There are some fancy dishes prepared at the start of “Swallow,” but director Carlo Mirabella-Davis makes sure you see the inelegant way they were prepared. While a dinner of lamb and Chardonnay looks beautiful once it reaches the dinner table, it begins with the lamb being dragged from a cozy corner of a barn and slaughtered, while the presentation of a subsequent meal comprised of chicken and stuff artichoke eschews showing the killing of the bird, but puts extra emphasis on the queasy sound of mustard being squeezed to compliment it on the plate. No one else to be conscious of these things within the well to do Conrad family, except its newest member Hunter (Haley Bennett), having suffered quite a bit already to make herself acceptable enough to marry the prodigal son Richie (Austin Stowell).
Bearing a blonde bob and a dulcet voice, Hunter knows she’s filling the role of a trophy wife in Mirabella-Davis’ provocative feature debut, but it’s clear the family didn’t do their due diligence on her, leading Richie’s mother (Elizabeth Marvel), to ask “What did you do for money before meeting my son?” As it turns out, she was interested in a career in illustrating and worked a day job selling toiletries, but to tell anybody about this is to suggest that a diamond actually starts out as coal, which probably wouldn’t fly among those she’s currently closest to, and after discovering she’s pregnant, concern sets in that she’s consigned herself to sacrificing far more than she already has.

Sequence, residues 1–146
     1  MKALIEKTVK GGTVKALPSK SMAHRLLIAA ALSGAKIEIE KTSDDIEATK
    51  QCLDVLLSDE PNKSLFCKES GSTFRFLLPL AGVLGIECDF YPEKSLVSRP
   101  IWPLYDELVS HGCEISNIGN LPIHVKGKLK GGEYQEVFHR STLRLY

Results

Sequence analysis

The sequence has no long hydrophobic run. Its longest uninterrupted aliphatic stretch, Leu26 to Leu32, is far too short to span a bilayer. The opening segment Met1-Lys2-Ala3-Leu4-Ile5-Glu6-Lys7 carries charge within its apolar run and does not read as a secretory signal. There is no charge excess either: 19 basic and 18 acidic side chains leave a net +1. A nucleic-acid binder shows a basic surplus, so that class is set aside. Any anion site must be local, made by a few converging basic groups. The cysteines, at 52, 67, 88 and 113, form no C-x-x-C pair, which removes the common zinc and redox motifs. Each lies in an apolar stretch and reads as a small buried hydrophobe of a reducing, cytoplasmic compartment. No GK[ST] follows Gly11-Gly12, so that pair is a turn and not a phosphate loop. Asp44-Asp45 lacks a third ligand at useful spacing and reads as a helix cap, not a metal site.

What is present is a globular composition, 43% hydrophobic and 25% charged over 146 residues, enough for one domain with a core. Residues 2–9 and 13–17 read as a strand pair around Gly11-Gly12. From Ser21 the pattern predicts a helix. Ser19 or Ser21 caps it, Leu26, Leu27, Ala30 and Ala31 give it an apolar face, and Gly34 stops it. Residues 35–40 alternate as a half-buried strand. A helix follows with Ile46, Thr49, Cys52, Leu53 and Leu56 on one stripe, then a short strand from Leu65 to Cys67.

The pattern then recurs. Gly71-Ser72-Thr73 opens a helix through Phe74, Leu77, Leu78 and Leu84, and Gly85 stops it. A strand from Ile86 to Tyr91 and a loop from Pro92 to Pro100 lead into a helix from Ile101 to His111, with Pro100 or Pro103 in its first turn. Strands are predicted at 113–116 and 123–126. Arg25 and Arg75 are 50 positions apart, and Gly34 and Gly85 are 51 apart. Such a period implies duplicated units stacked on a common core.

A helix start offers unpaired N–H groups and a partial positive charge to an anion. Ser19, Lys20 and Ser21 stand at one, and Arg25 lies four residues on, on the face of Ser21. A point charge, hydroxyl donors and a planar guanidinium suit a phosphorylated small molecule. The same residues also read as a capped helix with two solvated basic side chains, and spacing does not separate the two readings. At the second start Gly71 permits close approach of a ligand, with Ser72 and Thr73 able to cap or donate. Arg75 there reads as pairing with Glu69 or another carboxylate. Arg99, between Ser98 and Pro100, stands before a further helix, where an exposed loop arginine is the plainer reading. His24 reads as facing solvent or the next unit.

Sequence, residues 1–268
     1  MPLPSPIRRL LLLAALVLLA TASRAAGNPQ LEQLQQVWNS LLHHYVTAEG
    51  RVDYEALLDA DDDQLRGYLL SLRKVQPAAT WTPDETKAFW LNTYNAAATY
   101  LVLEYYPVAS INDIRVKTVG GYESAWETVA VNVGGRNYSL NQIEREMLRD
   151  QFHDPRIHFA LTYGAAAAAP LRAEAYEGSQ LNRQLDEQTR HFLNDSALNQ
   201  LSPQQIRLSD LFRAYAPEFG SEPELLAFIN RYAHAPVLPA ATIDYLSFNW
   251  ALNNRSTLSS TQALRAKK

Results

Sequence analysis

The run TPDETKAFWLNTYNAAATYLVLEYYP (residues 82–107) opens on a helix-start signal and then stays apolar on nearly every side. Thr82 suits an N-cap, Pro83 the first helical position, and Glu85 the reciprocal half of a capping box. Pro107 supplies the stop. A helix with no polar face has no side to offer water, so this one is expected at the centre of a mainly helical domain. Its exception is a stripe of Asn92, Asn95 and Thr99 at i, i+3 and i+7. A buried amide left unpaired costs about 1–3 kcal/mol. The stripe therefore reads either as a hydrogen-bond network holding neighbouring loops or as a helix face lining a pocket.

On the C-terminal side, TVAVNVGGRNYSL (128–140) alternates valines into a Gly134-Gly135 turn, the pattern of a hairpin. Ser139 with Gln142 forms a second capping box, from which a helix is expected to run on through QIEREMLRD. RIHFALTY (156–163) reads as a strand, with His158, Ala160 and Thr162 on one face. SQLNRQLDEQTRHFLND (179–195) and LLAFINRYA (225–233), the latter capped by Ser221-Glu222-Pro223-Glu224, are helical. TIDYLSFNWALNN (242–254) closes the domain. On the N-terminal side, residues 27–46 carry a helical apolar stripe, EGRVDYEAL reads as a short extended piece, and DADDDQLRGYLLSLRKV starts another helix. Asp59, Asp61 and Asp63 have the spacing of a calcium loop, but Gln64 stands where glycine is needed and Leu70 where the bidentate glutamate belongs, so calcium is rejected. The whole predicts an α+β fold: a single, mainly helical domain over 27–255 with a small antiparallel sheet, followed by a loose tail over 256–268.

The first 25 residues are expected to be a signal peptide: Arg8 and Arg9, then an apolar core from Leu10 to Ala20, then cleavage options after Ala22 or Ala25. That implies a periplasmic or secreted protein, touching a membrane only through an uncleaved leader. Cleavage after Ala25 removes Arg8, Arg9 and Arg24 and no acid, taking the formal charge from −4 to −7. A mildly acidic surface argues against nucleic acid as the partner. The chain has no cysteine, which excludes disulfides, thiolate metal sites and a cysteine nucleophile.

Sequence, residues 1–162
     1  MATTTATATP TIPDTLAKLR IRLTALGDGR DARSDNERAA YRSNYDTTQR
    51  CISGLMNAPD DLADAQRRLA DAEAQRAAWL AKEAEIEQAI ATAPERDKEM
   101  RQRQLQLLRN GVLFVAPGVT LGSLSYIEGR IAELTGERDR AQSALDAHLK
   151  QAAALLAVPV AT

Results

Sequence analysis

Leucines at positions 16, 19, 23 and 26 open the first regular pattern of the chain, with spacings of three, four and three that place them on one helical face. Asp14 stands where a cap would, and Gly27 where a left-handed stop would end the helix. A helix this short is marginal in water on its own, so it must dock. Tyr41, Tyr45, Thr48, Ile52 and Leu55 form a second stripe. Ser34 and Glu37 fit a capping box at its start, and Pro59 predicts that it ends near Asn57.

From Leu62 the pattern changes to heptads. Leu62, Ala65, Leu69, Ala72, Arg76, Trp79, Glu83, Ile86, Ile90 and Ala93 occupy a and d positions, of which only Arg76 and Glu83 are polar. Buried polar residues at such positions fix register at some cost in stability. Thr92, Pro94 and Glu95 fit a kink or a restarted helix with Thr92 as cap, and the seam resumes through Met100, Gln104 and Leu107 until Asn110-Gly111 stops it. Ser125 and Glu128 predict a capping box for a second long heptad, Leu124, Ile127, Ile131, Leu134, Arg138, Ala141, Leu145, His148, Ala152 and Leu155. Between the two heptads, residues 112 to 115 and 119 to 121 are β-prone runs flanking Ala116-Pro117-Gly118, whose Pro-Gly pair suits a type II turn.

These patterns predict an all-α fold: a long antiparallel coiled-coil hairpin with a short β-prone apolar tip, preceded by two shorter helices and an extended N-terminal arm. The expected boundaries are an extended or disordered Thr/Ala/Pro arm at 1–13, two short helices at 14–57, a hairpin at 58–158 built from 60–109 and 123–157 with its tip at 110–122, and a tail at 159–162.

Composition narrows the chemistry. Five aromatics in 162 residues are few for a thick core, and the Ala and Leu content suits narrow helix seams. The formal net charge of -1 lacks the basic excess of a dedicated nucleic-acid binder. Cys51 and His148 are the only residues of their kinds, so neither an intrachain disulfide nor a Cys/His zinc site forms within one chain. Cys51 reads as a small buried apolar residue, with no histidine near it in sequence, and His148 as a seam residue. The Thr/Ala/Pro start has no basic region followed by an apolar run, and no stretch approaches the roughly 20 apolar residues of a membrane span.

Bennett, who it could be argued has been thrust into a similar fate professionally as being far more interesting than the roles she’s been asked to play, runs with the part, boasting killer instincts befitting of her character’s name. With a damning eye-roll and an ability to make unpleasant subjects sound mundane, she is utterly convincing when “Swallow” asks its audience to do just that as Hunter takes the admonition of a self-help book her mother-in-law gives her to heart and starts to do the unexpected, involving her gastrointestinal tract. Threatening the health of the baby and by extension the interest any of the Conrads have in her, it is an unlikely but effective salve for her own well-being.
Mirabella-Davis has no trouble crafting the resplendent world that the Conrads occupy, but more impressively, he’s able to capture the rot that lies just underneath that Hunter sees in the very same frame, in part because of the strength of Bennett’s performance and a complete confidence in the film’s tone, having quite a bit of naughty fun with the central conceit while taking Hunter’s plight as seriously as any great tragedy. A late scene in the film involving a perfectly cast Denis O’Hare as a man from Hunter’s past manages to make one sick to one’s stomach with the impact he’s had on her life, even in absentia, and busts the gut with the awkwardness of the situation, and a haunting final image lets one wonder how many other stories there are out there like Hunter’s, though there’s still a sense of satisfaction when at least hers has been related so strikingly.